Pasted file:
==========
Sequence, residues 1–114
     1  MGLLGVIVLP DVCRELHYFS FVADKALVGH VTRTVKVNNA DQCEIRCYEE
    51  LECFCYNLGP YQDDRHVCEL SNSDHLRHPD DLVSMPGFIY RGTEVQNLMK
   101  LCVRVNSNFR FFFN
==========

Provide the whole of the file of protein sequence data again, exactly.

Sequence, residues 1–114
     1  MGLLGVIVLP DVCRELHYFS FVADKALVGH VTRTVKVNNA DQCEIRCYEE
    51  LECFCYNLGP YQDDRHVCEL SNSDHLRHPD DLVSMPGFIY RGTEVQNLMK
   101  LCVRVNSNFR FFFN